- Telescope/Computer Project -
An extended problem aligned to topics in this module. For physics with astronomy students, the students observe real astronomical data (weather willing), or in the event of poor weather use pre-existing data. They write a program to calibrate and analyse these data to obtain physical insight and to show that they understand the physical system. Results are obtained over 10 weeks, and then a report is written on the results. In the report the student presents their data, any software written to analyse these data, and they discusses the physical significance of the results. Students not enrolled in physics with astronomy can opt to undertake the telescope project subject to availability, or undertake a computational project instead.
Methods of Teaching / Learning
The learning and teaching strategy is designed to increase students’ critical understanding of physics and astrophysics, and through this module to provide students with the opportunity to gain an introductory understanding of key concepts in astrophysics.
The learning and teaching methods include:
33h of lectures/tutorials as 3h/week over 11 weeks
22h of computational modelling/telescope laboratory as 2h/week over 11 weeks. The telescope laboratory will include night time observing trips.
The assessment strategy is designed to provide students with the opportunity to demonstrate their knowledge of astronomy gained over the course. The exam and computer/telescope project will give students the opportunity to show that they have memorised, understood, and are able to creatively use the knowledge and skills that they have learned.
Thus, the summative assessment for this module consists of:
1.5 hour examination at the end of the semester (70%), with 2 questions chosen from 3.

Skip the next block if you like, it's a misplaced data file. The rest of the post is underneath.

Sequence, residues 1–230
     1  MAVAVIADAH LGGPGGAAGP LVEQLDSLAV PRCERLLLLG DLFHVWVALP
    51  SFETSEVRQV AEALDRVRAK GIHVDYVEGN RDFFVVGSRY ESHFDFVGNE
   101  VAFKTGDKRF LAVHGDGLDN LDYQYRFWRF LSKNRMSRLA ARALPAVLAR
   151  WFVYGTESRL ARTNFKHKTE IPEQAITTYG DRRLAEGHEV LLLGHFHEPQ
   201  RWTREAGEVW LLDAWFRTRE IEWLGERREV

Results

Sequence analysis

An interim assessment of progress on the computational/telescope project, at around the mid-point of the project (7.5%).
A write-up of the results achieved, algorithm used, and physics explored and understood, at the end of the computational/telescope project (22.5%).
Formative assessment and feedback
For the lecture component:
Problem sets are provided on topics of astronomy each week which allow the students to test their understanding of course material and help to prepare them for the written exam. The solutions are discussed and expanded on in weekly tutorials to allow the students to assess their progress. Verbal feedback is provided at these hour-long tutorial sessions throughout the semester.
For the computational/telescope project component:
Each student is assigned an academic responsible for their project who will provide one-to-one feedback during the weekly sessions.
Reading list for INTRODUCTION TO ASTRONOMY : http://aspire.surrey.ac.uk/modules/phy2071
Please note that the information detailed within this record is accurate at the time of publishing and may be subject to change. This record contains information for the most up to date version of the programme / module for the 2017/8 academic year.